You are showing your age. I remember when gas was under $2 a gallon!

Let me show my age.  I remember when gas was less than $1/gallon.

I also remember when gas first went over $1/gallon:  People were totally freaked out and thought the world was ending.

My hats off to you sir!

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July 21, 2012, 11:23:32 PM
 #36

I remember when I bought a bike and stopped driving almost anywhere besides work. Best expenditure ever.

Extremely on topic side-note; Gas is back up again, and it's ridiculous.

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July 25, 2012, 06:26:46 PM
 #37

Gas prices are completely accountable for.  I mean look, if you look at it, oil prices are extremely low compared to 40+ years ago.

Just 10 years ago, 1 oz of gold could pay for ~250 gallons, while 1 oz of gold can now pay for upwards of 500 gallons.

Also as we all know, gold is what truly sets the price.

The reason we have rising gas prices is due to a inflationary US dollar from overprinting and nothing truly backing it up, such as gold.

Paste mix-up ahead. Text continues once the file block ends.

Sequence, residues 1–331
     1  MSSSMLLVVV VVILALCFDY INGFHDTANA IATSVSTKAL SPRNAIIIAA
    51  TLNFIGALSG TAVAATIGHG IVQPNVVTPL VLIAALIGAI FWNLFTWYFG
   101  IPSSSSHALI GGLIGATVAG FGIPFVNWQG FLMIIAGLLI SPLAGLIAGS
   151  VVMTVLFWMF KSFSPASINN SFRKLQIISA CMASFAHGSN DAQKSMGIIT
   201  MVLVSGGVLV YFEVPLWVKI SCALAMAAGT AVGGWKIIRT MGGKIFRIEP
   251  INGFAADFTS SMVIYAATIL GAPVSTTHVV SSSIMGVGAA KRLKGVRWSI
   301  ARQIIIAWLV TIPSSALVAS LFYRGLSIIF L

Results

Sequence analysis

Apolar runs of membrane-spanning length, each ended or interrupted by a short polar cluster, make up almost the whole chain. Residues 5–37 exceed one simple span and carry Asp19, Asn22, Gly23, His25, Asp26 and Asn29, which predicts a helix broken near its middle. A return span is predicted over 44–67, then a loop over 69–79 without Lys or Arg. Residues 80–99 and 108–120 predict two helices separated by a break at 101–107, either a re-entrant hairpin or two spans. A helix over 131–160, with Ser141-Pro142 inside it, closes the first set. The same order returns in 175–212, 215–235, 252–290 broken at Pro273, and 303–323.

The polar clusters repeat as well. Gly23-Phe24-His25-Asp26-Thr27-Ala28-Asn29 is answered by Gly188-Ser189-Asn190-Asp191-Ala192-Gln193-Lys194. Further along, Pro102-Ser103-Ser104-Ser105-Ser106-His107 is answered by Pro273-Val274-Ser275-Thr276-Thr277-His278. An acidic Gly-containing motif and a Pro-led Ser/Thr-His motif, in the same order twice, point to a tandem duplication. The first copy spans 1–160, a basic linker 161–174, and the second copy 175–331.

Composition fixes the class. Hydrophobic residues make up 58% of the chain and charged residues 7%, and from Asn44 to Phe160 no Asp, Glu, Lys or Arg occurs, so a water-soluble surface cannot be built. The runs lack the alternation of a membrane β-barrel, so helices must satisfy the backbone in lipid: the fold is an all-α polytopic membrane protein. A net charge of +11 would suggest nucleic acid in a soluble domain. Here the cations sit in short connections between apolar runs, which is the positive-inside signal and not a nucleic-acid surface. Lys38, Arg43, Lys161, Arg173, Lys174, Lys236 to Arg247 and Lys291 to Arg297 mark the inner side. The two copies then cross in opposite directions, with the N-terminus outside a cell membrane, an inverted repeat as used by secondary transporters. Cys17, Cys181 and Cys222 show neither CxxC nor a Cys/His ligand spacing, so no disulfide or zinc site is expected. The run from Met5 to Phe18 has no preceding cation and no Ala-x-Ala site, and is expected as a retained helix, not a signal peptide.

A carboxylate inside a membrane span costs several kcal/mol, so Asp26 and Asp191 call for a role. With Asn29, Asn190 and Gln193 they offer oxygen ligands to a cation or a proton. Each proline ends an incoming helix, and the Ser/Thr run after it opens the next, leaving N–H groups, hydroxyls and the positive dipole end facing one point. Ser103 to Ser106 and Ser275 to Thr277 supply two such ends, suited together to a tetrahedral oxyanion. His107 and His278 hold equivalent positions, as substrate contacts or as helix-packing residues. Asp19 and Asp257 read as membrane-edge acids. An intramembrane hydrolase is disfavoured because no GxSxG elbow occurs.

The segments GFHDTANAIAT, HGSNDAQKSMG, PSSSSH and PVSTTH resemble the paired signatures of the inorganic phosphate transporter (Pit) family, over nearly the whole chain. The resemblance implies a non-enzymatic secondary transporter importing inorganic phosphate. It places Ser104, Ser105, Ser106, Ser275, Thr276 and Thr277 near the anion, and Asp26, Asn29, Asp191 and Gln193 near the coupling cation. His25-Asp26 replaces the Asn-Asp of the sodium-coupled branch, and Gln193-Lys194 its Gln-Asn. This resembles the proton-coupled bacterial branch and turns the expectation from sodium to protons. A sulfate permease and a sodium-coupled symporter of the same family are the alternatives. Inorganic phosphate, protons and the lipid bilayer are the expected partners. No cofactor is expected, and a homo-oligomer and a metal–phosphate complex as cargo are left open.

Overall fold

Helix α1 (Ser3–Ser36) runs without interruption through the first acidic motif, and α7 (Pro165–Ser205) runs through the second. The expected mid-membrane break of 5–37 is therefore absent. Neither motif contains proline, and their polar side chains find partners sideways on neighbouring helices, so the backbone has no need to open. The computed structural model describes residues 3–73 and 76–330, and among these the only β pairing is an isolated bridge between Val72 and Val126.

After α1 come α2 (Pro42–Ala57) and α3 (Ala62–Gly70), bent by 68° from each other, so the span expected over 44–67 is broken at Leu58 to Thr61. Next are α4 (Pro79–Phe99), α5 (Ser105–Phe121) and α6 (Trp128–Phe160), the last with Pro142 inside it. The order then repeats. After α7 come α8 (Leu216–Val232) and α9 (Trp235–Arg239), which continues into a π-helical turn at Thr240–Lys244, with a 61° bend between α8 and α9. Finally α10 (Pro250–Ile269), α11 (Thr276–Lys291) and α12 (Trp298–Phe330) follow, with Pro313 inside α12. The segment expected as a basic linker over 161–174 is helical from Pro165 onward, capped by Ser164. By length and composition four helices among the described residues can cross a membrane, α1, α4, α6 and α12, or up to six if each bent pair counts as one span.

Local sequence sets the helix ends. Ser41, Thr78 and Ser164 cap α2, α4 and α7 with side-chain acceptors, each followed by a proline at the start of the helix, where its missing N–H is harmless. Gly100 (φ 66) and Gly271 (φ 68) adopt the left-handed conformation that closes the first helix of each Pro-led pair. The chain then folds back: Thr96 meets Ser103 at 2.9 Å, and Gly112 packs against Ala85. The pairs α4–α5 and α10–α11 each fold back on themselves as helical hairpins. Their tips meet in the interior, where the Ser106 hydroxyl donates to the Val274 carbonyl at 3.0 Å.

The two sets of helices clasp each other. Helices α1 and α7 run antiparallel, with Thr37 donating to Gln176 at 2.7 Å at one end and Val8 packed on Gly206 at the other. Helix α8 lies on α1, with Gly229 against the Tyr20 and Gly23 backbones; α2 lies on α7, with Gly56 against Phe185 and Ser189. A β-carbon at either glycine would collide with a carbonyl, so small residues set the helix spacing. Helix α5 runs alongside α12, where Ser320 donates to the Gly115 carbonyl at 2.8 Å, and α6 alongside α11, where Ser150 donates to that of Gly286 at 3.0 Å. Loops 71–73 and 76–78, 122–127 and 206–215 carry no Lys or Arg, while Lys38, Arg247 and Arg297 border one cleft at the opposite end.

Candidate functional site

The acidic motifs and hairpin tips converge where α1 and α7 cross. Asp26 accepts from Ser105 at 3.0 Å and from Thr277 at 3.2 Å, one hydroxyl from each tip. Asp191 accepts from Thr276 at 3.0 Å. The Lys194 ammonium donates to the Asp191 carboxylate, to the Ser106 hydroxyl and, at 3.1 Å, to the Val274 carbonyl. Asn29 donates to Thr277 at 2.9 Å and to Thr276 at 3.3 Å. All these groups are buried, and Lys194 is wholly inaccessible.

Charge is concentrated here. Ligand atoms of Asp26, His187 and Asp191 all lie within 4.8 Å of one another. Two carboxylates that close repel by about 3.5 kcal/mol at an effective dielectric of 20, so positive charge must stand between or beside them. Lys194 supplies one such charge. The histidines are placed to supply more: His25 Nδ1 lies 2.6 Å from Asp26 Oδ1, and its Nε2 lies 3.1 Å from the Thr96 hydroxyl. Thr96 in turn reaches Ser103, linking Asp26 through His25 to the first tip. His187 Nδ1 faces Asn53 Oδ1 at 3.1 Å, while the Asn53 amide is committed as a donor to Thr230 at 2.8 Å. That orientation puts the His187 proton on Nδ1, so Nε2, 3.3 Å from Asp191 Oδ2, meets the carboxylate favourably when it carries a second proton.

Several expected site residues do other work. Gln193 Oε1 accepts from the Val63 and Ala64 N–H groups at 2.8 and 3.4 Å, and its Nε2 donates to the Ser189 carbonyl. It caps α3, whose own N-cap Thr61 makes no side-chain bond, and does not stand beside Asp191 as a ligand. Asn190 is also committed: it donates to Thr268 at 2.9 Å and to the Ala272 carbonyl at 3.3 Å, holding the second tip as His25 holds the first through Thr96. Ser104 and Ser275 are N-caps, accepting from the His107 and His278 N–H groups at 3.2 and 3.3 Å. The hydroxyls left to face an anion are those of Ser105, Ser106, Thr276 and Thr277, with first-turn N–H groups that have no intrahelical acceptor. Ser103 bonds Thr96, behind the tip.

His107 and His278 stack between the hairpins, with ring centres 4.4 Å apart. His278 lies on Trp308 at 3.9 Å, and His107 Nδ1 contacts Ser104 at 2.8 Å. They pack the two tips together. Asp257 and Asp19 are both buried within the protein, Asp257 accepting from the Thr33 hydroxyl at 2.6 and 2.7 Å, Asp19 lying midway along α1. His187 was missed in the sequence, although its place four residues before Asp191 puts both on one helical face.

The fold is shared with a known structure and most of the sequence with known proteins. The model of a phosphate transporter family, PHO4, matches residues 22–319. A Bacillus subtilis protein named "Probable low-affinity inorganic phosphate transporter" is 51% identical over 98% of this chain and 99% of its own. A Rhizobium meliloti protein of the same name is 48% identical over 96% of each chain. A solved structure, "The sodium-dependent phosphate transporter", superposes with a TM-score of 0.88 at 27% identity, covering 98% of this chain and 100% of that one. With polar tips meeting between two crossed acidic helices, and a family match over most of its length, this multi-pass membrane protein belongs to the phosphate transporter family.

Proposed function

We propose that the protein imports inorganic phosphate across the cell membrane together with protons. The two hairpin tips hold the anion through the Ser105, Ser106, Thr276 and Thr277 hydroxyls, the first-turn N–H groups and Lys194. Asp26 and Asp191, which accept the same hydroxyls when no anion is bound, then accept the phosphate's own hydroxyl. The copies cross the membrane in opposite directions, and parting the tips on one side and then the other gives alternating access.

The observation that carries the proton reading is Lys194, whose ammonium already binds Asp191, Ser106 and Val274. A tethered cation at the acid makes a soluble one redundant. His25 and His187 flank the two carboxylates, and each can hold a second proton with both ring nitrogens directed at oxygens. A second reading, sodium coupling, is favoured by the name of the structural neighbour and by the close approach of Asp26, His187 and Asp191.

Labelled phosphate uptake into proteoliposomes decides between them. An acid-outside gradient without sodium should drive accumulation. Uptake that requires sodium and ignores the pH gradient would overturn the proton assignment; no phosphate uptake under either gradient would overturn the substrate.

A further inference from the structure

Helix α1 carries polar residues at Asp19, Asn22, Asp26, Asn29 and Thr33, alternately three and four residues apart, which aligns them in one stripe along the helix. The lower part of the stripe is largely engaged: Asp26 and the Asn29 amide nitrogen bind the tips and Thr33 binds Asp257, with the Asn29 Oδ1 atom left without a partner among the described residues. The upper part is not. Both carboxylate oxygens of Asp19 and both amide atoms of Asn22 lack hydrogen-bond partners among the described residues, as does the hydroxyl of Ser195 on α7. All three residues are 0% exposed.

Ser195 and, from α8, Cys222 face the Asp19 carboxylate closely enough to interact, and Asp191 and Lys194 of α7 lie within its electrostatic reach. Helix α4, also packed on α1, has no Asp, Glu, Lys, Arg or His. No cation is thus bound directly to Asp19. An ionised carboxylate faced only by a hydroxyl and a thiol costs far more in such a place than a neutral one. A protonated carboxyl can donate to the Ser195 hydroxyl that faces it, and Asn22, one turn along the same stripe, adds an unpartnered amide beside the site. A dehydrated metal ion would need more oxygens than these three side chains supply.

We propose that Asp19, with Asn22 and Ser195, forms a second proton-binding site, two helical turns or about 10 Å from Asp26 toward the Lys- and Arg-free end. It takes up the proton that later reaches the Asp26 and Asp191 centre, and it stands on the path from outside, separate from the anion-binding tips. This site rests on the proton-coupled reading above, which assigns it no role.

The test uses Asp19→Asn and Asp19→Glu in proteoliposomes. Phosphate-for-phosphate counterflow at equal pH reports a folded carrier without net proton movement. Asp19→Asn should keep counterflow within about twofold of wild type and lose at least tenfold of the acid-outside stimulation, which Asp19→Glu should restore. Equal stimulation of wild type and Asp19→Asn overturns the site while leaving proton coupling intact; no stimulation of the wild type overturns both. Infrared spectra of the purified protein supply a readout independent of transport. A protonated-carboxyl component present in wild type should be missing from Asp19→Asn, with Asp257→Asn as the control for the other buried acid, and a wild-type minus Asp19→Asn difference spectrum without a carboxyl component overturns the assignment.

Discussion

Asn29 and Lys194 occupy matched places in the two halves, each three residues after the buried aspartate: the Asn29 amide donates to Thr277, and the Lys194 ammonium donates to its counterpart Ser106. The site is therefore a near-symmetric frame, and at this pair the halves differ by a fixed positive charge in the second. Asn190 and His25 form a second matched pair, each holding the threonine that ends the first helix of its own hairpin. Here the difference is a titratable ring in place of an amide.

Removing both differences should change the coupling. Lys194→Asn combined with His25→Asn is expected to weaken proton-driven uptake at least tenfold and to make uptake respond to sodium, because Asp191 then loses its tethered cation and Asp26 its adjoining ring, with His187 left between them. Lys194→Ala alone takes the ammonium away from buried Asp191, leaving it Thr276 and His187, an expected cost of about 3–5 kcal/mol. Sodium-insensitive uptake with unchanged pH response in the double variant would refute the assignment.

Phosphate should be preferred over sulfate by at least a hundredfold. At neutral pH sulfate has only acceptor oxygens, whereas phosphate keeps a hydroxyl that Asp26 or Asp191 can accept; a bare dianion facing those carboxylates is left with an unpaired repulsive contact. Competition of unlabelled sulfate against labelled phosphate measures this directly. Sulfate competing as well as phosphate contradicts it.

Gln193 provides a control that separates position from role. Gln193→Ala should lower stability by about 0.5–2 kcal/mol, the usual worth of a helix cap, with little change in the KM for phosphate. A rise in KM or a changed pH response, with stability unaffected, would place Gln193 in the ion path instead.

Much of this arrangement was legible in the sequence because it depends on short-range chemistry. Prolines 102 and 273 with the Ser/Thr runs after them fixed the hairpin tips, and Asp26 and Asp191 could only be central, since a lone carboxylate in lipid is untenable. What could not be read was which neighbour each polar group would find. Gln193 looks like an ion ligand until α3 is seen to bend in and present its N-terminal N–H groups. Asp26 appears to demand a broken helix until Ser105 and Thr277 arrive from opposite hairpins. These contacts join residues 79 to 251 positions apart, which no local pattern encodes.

In fact, if you base oil on gold completely as the trading currency, gas prices would have to be above $6.50 a gallon to truly justify the inflation of the US dollar.

We're quite lucky for having the prices this low at the moment.
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July 26, 2012, 01:12:37 AM
 #38

Does anyone have an explanation for this? Don't say Obama...

This happens every time a presidential election is coming up.
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July 26, 2012, 04:24:28 PM
 #39

Seems to me the price of gas has been going down for years...but that's because I price things in silver.  Wink
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July 27, 2012, 02:28:08 AM
 #40

Seems to me the price of gas has been going down for years...but that's because I price things in silver.  Wink

Exactly my point  Wink

Not to mention oil and natural gas probably doesn't come from 100 million year old dinosaurs.  That's a little far fetched since they would decompose to nothing.

http://www.sciencedaily.com/releases/2009/11/091104123032.htm

Also there's a crapload of natural gas in OCEANS on Titan, a moon of Saturn, due to the low temperatures allowing the gas to liquify. There was no life there, was there?